The Monastery of the nuns of S. Antonio (also known as "S. Antonio de Vienne") was founded under the Rule of St. Benedict around the XIV century outside the city walls in a pleasant place. There is no historical documentation for its first two centuries until May 1503 when, because of the civil wars, the University of Eboli wanted to protect the nuns who were outside the city walls and made them move from their monastery to the place where they currently still, near the castle Colonna. In 1568 their new home was modified and expanded. In 1617, according to the pre-registration of the Council of Trento, seclusions were established. In 1656 the plague reduced the number of nuns to only three, and with their death the monastic order also ceased and was only reopened in 1700. In that time the monastery had fifteen cells divided into two dormitories and other necessary workshops with garden, cistern of water and a church choir. The complex was restored in the style of the late Baroque and assumed the form that still can be admired.
In 1774, Maria Carolina of Austria, Queen of Naples, on the occasion of "Persanicam venationem" of her spouse Ferdinand IV, visited the Benedictine Monastery of S. Antonio de Vienne, as evidenced by a plaque in the hall of the monastery. With the revolutionary laws the Benedictine community was suppressed, but in spite of the numerous orders of the exodus the Benedictines did not leave the monastery. Economic problems, however, put their stay in Eboli in danger several times. For this reason, in the early years of this century, they decided to establish a school of embroidery that would allow them to bear the costs and not to be driven out of the monastery. After the opening of the school took place in 1913, on the feast of St. Benedict, the Benedictines lived thanks to many other female driven industries: production of honey, sewing, embroidery, cutting, sweets for festivities. The bombings of 1943 did not spare the monastery, so the community had to take refuge in the church of Santa Maria La Nova in Campagna.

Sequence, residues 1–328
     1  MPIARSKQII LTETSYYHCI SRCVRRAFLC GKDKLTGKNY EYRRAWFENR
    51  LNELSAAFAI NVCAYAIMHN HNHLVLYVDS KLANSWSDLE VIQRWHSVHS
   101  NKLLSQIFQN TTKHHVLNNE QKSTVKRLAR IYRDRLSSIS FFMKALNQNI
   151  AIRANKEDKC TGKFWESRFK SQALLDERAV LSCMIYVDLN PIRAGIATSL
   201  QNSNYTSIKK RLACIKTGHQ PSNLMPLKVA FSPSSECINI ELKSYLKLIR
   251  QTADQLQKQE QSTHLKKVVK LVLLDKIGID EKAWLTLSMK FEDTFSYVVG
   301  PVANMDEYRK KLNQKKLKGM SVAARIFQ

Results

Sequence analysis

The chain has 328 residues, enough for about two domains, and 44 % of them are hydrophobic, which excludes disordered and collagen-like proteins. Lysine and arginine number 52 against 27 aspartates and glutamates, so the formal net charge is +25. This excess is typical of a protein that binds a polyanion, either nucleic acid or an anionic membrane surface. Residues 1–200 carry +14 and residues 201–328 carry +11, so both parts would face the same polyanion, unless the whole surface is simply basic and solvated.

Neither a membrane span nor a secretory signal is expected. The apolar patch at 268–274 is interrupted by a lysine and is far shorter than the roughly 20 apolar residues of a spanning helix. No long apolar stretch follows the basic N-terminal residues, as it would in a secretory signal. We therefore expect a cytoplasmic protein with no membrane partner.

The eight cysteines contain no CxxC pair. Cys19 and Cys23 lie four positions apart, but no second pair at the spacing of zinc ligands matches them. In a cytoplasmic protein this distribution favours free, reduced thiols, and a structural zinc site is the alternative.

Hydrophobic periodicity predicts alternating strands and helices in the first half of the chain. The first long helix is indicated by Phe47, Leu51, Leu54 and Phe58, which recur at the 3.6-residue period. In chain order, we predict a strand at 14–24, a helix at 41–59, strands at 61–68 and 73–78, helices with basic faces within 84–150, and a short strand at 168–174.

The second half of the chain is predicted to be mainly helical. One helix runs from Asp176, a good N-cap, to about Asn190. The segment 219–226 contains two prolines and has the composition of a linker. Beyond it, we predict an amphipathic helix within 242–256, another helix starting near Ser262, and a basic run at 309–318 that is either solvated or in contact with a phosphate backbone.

The main access to the complex is from Via delle Monache; through the main building of the monastery, you will reach an atrium with coloumns. The end of the main building of the complex is occupied by the church of St. Anthony de Vienne and the adjoining sacristy. At the bottom, between two corner pilasters, there is a doorway topped by a medallion of St. Benedict and St. Scholastica. The façade is completed with a triangular oculus. The Church has a single nave in late baroque style divided into four bays. The first is covered with a vault, the third has lowered dome and the remaining with vaults. The sides of the nave are divided by a row of pilasters with Corinthian tops, on which the frame rests. Down the aisle is located the main altar in polychrome marble we see a painting from '700 depicting "the Coronation of the Virgin with St. Anthony Abbot and St. Romuald, St. Benedict and St. Scholastica." Other paintings add to the church decoration: one on the right wall depicting "San Michele Arcangelo" of the eighteenth century, and the other on the opposite wall, depicting the "Holy Family with God the Father" of the seventeenth century; the two marble holy water fonts of 1653 and the valuable jealousies of inlaid wood placed in the upper part of the nave, contribute to enrich the environment.